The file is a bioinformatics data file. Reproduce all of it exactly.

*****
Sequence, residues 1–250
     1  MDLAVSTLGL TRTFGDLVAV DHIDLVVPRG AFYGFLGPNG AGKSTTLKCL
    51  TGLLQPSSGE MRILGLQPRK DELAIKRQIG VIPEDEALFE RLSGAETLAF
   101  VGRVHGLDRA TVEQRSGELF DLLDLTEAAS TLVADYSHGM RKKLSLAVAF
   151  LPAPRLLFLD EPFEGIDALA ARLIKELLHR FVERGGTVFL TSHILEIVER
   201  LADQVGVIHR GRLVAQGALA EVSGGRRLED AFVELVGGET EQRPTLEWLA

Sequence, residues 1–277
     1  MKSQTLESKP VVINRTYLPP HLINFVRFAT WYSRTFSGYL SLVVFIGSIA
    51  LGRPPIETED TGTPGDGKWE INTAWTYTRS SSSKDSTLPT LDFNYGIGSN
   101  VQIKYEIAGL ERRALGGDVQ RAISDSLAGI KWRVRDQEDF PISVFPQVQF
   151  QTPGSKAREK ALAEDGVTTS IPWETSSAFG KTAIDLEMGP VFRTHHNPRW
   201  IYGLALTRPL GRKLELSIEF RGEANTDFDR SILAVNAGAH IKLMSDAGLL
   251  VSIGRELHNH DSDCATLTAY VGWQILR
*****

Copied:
Sequence, residues 1–250
     1  MDLAVSTLGL TRTFGDLVAV DHIDLVVPRG AFYGFLGPNG AGKSTTLKCL
    51  TGLLQPSSGE MRILGLQPRK DELAIKRQIG VIPEDEALFE RLSGAETLAF
   101  VGRVHGLDRA TVEQRSGELF DLLDLTEAAS TLVADYSHGM RKKLSLAVAF
   151  LPAPRLLFLD EPFEGIDALA ARLIKELLHR FVERGGTVFL TSHILEIVER
   201  LADQVGVIHR GRLVAQGALA EVSGGRRLED AFVELVGGET EQRPTLEWLA

Sequence, residues 1–277
     1  MKSQTLESKP VVINRTYLPP HLINFVRFAT WYSRTFSGYL SLVVFIGSIA
    51  LGRPPIETED TGTPGDGKWE INTAWTYTRS SSSKDSTLPT LDFNYGIGSN
   101  VQIKYEIAGL ERRALGGDVQ RAISDSLAGI KWRVRDQEDF PISVFPQVQF
   151  QTPGSKAREK ALAEDGVTTS IPWETSSAFG KTAIDLEMGP VFRTHHNPRW
   201  IYGLALTRPL GRKLELSIEF RGEANTDFDR SILAVNAGAH IKLMSDAGLL
   251  VSIGRELHNH DSDCATLTAY VGWQILR